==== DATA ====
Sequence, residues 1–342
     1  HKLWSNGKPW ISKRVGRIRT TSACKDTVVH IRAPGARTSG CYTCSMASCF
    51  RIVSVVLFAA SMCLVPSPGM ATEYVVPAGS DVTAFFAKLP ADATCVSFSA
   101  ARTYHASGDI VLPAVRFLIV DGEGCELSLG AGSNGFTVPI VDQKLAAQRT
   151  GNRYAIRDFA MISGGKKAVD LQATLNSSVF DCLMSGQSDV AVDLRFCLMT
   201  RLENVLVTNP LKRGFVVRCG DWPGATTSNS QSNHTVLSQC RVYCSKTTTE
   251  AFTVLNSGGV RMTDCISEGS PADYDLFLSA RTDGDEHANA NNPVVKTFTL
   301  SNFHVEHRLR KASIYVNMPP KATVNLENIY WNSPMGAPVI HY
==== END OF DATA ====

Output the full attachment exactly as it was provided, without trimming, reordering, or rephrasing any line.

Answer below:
Sequence, residues 1–342
     1  HKLWSNGKPW ISKRVGRIRT TSACKDTVVH IRAPGARTSG CYTCSMASCF
    51  RIVSVVLFAA SMCLVPSPGM ATEYVVPAGS DVTAFFAKLP ADATCVSFSA
   101  ARTYHASGDI VLPAVRFLIV DGEGCELSLG AGSNGFTVPI VDQKLAAQRT
   151  GNRYAIRDFA MISGGKKAVD LQATLNSSVF DCLMSGQSDV AVDLRFCLMT
   201  RLENVLVTNP LKRGFVVRCG DWPGATTSNS QSNHTVLSQC RVYCSKTTTE
   251  AFTVLNSGGV RMTDCISEGS PADYDLFLSA RTDGDEHANA NNPVVKTFTL
   301  SNFHVEHRLR KASIYVNMPP KATVNLENIY WNSPMGAPVI HY